While they were typically Northrons in many respects, the Lake-men or Lake-folk (N. Rhov. "Vatningi") differed from their kin in their greater emphasis on commerce. They had enjoyed a close association with the Dúnedain of Arnor and thus developed relatively sophisticated urban living habits. In the first, second, and third centuries of the Third Age, soon after the Dale-folk, the second major wave of Lake-folk came to the Long Lake.
The earlier migration had founded Londaroth, Esgaroth, and the smaller towns of the Long Lake (S."Annen") and River Running valleys (S."Nan Celduin" ); the second wave settled further south than their brethren, making their homes on hilltops in the East Bight amongst scattered Horse Lord clans.
Men of the Lake, Men of the Long Lake
The towns of the Nan Annen and the Nan Celduin were led by a Master (Old Rh. “Fravia” later “Meistari”)) responsible for maintaining tolls, governing trade, and settling disputes. The Master was elected by the Atathinga (No. “Council of fathers”, later "Attathing") composed of all male citizens “in good standing”. The Baurgs (No. “Forts, Hilltop Settlements”; later "Borgir") retained a more loose clan structure and were governed by a hereditary “Thiu" (Thegen) or chief of the major clan. The Thiu was advised in matters both military and mercantile by a council of the lesser clan leaders (No. “Eldrithing”). Aithafravias (No. “Associations", later Edhfreirs), guilds of merchants and craftspeople, played an important role in politics in all the Lake-men settlements. In the Nan Annen and Nan Celduin, there was little unity beyond each individual town government, and a general feeling of friendly competition existed among nearby settlements.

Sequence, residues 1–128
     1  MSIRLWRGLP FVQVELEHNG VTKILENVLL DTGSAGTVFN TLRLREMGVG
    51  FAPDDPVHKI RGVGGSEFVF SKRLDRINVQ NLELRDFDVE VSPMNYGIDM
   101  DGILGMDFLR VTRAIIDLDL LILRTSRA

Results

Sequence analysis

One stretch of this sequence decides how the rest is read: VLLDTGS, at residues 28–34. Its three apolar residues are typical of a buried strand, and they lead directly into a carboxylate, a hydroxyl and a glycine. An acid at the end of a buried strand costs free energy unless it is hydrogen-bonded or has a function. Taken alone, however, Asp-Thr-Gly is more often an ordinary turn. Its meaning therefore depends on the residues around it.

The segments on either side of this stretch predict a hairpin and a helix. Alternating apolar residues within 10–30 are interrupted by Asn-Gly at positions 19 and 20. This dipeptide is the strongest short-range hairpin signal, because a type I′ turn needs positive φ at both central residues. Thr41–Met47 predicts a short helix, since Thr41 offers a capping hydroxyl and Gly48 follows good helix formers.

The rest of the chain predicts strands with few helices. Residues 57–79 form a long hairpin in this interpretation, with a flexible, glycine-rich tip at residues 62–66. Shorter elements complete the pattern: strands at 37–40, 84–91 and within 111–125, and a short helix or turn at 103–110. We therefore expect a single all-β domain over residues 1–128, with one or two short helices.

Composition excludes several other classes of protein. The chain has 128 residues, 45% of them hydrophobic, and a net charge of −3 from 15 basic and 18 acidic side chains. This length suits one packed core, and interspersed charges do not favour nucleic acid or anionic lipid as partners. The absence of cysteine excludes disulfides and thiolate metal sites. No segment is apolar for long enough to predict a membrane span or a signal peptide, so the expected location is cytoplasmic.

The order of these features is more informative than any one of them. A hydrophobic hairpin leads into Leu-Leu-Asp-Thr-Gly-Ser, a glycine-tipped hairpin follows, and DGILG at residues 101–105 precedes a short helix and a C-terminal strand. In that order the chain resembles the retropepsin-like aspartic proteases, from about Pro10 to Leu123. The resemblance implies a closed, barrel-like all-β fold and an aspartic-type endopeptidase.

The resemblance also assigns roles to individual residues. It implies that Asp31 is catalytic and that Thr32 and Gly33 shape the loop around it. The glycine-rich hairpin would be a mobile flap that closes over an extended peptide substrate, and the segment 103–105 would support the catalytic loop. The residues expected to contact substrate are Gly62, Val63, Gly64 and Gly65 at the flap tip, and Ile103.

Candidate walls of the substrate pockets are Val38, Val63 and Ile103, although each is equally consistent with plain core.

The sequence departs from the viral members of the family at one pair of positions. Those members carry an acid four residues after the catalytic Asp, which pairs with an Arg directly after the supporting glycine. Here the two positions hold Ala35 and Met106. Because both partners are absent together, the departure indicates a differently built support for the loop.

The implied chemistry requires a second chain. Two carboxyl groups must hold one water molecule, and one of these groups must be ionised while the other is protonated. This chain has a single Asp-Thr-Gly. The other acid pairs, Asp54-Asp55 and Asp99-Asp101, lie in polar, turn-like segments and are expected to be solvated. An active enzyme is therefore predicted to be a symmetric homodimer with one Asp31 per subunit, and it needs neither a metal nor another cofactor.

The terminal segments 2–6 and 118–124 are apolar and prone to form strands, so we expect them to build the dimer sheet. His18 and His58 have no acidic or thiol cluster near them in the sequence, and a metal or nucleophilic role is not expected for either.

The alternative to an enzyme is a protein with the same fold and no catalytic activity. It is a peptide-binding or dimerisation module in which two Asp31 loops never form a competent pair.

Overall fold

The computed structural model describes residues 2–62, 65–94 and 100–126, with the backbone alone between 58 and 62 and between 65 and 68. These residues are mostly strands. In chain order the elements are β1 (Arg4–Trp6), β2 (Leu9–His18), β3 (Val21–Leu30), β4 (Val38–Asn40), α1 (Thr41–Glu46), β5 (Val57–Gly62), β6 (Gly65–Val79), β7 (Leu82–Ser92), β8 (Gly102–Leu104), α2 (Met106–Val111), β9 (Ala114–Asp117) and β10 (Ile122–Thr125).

A loose confederacy did exist among some of the Baurgs, but the “head” of such a confederacy operated less as an overlord than as a “first among equals".
Lake-folk lineage was traced through the father, and couples generally settled with the husband's family, though exceptions of convenience did occur. Marriage occurred freely outside of the clan or tribe (within an Aithafravia, for example) and was sometimes used to seal important commercial agreements.
Lake-folk settlements were built on fortified terraced hilltops surrounded by earthen ramparts that were capped with wooden palisades. Nan Annen and Nan Celduin Lake-folk might improvise such defenses when the environment permitted (witness Esgaroth itself). Since trade played such an important role in the townsfolks lives, settlements were, as a rule, located upon a well traveled estuaries or roads. Esgaroth, Kotstow, Londaroth, Myrrborg, Kaupaborg, and Thorsigsborg all exemplified this emphasis on accessibility.
All males age fourteen and older received training in weaponry and rudimentary tactics in addition to beginning a seven-year apprenticeship in the calling of their choice — usually the choice of their father or mother's brother. Every able-bodied male was expected to serve in the fardi (old Rh.. “Town Levy” later "Ferdh") during times of emergency, and many made soldiering their profession by joining the Gadrauhts (No. “Standing Town Guard", later "Drottnir"). The fardi was drilled for two days every month by the Vardugadrauht (No. later "Vordurdrottin") and his Karlas (No. “Freemen”). Fardi members were familiar with the use of a spear (8'), composite bow, and broadsword or hand axe.